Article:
The string of accounting problems and stock plunges at publicly traded Chinese groups has sparked deep concerns across the world's biggest audit firms, putting the so-called Big Four on alert from worries that their reputation could be brought down along with a growing list of stricken companies.
Auditing Chinese firms preparing to go public on overseas exchanges is a lucrative business and one that plays into the strengths of the top, international auditing partnerships known as the Big Four: KPMG, Ernst & Young, Deloitte Touche Tohmatsu and PricewaterhouseCoopers.
Yet fears are growing that the struggle to find enough high-quality auditors in China and Hong Kong means it may only be a matter of time until one of the top firms finds itself caught in a blow-up rivaling Enron, which brought down their old rival Arthur Andersen.
Costs have gone up, fees have gone down, as competition for fees is enormous. You can easily see there is a real risk of an audit firm failing, said Paul Winkelmann, the partner in charge of risk and compliance for PWC in Greater China. According to interviews with professionals at the four firms, each firm is getting more and more cautious about the work they take on from mainland companies looking to IPO. The whole industry, I will say, is very sensitive and cautious to China IPOs, said an auditor at one of the Big Four, who handles IPO work, who did not want to be named.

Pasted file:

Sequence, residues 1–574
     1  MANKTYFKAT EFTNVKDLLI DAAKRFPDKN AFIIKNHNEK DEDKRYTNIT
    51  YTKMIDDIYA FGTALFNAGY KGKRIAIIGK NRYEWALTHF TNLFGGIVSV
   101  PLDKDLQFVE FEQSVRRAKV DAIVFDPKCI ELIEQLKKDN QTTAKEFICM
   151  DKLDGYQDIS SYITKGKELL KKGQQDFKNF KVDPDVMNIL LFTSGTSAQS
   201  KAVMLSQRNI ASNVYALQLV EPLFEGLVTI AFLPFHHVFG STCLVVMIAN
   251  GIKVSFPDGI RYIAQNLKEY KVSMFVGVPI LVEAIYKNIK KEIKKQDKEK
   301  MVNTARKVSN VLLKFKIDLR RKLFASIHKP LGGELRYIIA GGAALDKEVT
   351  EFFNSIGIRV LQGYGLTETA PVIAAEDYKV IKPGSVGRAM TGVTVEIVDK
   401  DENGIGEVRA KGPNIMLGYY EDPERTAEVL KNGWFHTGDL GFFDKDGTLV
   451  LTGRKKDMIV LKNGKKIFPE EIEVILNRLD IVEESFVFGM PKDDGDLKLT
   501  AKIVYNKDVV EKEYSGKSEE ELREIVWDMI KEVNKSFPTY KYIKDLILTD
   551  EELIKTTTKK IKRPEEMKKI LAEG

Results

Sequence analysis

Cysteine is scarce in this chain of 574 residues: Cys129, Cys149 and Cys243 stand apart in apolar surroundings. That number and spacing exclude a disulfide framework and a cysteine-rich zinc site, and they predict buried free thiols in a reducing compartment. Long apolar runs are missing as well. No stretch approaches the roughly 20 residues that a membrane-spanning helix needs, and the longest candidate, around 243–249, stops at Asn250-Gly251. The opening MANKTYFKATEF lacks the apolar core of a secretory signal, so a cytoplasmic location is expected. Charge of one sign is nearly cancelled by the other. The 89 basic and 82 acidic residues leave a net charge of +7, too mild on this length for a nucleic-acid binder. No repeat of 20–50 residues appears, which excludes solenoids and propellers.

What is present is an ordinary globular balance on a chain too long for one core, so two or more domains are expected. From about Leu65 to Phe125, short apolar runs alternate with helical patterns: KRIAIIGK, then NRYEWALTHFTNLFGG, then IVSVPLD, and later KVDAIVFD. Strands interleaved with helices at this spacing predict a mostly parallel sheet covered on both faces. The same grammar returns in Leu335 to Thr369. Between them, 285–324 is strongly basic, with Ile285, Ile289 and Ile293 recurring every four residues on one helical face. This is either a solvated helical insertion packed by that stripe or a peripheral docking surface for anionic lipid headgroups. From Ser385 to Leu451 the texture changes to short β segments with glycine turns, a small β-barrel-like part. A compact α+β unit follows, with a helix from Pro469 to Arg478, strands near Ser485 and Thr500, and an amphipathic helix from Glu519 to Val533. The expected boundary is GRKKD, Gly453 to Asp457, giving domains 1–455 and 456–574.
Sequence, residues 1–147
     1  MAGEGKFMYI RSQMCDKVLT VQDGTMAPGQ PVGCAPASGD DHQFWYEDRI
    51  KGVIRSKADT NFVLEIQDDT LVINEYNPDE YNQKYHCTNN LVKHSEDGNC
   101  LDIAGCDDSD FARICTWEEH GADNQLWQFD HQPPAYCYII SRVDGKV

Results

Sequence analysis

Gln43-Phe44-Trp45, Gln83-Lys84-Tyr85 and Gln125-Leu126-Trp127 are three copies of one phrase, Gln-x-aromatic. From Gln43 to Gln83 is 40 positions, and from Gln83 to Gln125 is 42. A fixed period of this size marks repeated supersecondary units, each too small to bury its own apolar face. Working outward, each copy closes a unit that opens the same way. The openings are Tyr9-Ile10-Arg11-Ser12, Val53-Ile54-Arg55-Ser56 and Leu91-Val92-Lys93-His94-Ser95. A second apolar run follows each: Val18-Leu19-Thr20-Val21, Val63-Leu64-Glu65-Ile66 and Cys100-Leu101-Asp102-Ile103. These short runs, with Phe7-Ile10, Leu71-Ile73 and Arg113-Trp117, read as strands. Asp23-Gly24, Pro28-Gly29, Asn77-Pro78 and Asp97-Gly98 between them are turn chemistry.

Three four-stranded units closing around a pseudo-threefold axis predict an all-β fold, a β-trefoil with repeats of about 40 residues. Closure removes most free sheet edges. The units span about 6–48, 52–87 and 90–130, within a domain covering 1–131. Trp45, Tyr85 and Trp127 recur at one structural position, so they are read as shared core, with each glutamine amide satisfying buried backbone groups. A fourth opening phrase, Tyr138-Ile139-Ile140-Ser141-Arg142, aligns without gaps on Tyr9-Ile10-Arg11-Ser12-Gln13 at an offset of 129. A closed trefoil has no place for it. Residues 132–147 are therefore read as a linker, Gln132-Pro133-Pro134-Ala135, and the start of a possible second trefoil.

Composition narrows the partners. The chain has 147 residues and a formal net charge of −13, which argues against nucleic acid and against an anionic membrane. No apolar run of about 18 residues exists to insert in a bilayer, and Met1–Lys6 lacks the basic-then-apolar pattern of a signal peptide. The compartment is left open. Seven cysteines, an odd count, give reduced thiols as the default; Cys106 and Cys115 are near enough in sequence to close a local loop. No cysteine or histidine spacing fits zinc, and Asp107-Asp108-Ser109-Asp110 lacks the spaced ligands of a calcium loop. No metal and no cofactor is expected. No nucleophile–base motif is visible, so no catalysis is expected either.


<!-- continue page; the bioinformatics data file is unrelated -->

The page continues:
The Big Four are also getting nervous about work with existing Chinese clients, turning to lawyers at an earlier stage if they think something might be amiss.
If a risk situation arises they're now consulting lawyers earlier and dealing with it in a much more structured way than was perhaps the case in the past, said Tom Fyfe, a partner at law firm Barlow, Lyde & Gilbert in Hong Kong who acts for some of the big four in litigation issues.
All four of the audit firms responded to a Reuters request to comment on the matter. The four firms said they have a rigorous approach to risk management.
CHINA BOOMING BIZ
The big four have basked in China's emergence as an economic powerhouse. In 2009 their revenue from work on the mainland stood at 9.1 billion yuan ($1.41 billion) according to the Chinese Institute of CPAs (CICPA), around half of China's accounting industry's revenue. Last year's figures were not immediately available.
As the revenues have risen, so have the risks.
Most of the accounting scandals in the U.S. have come from small Chinese companies who went public via a reverse takeover. Those companies were audited by smaller U.S. or Hong Kong-based accountancy practices, not the Big Four's China firms. But some recent high profile cases have started to drag in the names of the world's most prestigious auditors.
Last month, Deloitte quit as auditor of Longtop Financial Technologies after working on the company's books for six years, citing recently identified falsity in their finances.
Ernst & Young was named in two class action lawsuits over its work on Sino-Forest, the Toronto-listed company accused by short-seller Muddy Waters of accounting fraud.